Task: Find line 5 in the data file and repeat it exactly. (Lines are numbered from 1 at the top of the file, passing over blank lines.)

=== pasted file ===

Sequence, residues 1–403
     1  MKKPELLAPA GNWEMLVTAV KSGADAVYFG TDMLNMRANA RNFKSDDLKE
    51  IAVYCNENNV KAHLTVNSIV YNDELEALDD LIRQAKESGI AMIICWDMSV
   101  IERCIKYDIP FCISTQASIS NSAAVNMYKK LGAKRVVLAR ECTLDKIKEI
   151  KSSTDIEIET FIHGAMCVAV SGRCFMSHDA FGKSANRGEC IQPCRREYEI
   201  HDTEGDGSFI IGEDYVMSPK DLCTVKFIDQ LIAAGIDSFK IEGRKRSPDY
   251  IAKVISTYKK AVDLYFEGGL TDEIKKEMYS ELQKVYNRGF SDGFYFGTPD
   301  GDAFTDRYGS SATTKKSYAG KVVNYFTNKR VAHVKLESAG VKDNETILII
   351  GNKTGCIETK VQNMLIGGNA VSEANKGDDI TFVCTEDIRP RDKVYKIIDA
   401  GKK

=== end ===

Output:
   151  KSSTDIEIET FIHGAMCVAV SGRCFMSHDA FGKSANRGEC IQPCRREYEI